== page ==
Pulse oximetry is a noninvasive method for monitoring a person's oxygen saturation (SO2). Though its reading of SpO2 (peripheral oxygen saturation) is not always identical to the more desirable reading of SaO2 (arterial oxygen saturation) from arterial blood gas analysis, the two are correlated well enough that the safe, convenient, noninvasive, inexpensive pulse oximetry method is valuable for measuring oxygen saturation in clinical use.
A wrist mounted remote sensor pulse oximeter with plethysmograph.
|Purpose||monitoring a person's oxygen saturation|
In its most common (transmissive) application mode, a sensor device is placed on a thin part of the patient's body, usually a fingertip or earlobe, or in the case of an infant, across a foot. The device passes two wavelengths of light through the body part to a photodetector. It measures the changing absorbance at each of the wavelengths, allowing it to determine the absorbances due to the pulsing arterial blood alone, excluding venous blood, skin, bone, muscle, fat, and (in most cases) nail polish.
Less commonly, reflectance pulse oximetry is used as an alternative to transmissive pulse oximetery described above. This method does not require a thin section of the person's body and is therefore well suited to a universal application such as the feet, forehead, and chest, but it also has some limitations. Vasodilation and pooling of venous blood in the head due to compromised venous return to the heart can cause a combination of arterial and venous pulsations in the forehead region and lead to spurious SpO2 results. Such conditions occur while undergoing anesthesia with endotracheal intubation and mechanical ventilation or in patients in the Trendelenburg position.
In 1935, Karl Matthes (German physician 1905–1962) developed the first 2-wavelength ear O2 saturation meter with red and green filters (later switched to red and infrared filters). His meter was the first device to measure O2 saturation.
The original oximeter was made by Glenn Allan Millikan in the 1940s. In 1949 Wood added a pressure capsule to squeeze blood out of the ear so as to obtain an absolute O2 saturation value when blood was readmitted. The concept is similar to today's conventional pulse oximetry, but was difficult to implement because of unstable photocells and light sources; the method is not now used clinically. In 1964 Shaw assembled the first absolute reading ear oximeter by using eight wavelengths of light.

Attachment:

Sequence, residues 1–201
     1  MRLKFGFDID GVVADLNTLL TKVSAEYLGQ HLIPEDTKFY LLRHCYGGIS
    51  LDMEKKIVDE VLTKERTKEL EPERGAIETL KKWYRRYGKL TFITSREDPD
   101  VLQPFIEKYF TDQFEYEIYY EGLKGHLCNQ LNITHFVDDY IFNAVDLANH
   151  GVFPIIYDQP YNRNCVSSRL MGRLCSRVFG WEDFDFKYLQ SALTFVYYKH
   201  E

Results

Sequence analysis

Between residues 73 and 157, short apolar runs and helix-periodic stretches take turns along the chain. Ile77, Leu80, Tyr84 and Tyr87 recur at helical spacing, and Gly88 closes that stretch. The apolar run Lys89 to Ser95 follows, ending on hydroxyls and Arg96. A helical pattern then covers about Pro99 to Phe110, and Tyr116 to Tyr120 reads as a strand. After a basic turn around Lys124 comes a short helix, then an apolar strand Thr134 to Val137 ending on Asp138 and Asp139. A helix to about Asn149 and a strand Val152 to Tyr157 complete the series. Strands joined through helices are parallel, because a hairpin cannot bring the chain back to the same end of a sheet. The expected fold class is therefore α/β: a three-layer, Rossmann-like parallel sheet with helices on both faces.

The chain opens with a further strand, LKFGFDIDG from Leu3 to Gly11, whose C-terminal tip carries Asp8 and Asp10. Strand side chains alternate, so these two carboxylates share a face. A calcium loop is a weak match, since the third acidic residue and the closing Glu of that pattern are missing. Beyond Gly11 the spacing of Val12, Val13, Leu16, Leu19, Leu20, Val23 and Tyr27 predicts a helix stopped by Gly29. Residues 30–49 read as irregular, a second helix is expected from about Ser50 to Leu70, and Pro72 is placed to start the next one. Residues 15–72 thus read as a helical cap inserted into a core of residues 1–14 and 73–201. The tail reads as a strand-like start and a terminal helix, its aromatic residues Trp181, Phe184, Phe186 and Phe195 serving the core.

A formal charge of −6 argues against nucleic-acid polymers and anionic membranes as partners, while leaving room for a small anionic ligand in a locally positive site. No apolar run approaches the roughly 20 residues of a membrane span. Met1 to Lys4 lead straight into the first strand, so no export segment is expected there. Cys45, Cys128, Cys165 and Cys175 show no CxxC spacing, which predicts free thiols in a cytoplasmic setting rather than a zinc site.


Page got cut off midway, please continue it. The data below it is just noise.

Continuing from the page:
Pulse oximetry was developed in 1972, by Takuo Aoyagi and Michio Kishi, bioengineers, at Nihon Kohden using the ratio of red to infrared light absorption of pulsating components at the measuring site. Susumu Nakajima, a surgeon, and his associates first tested the device in patients, reporting it in 1975. It was commercialized by Biox in 1980.
By 1987, the standard of care for the administration of a general anesthetic in the U.S. included pulse oximetry. From the operating room, the use of pulse oximetry rapidly spread throughout the hospital, first to the recovery room, and then into the various intensive care units. Pulse oximetry was of particular value in the neonatal unit where the patients do not thrive with inadequate oxygenation, but too much oxygen and fluctuations in oxygen concentration can lead to vision impairment or blindness from retinopathy of prematurity (ROP). Furthermore, obtaining an arterial blood gas from a neonatal patient is painful to the patient and a major cause of neonatal anemia. Motion artifact can be a significant limitation to pulse oximetry monitoring resulting in frequent false alarms and loss of data. The reason for this is that during motion and low peripheral perfusion, many pulse oximeters cannot distinguish between pulsating arterial blood and moving venous blood, leading to underestimation of oxygen saturation. Early studies of pulse oximetry performance during subject motion made clear the vulnerabilities of conventional pulse oximetry technologies to motion artifact.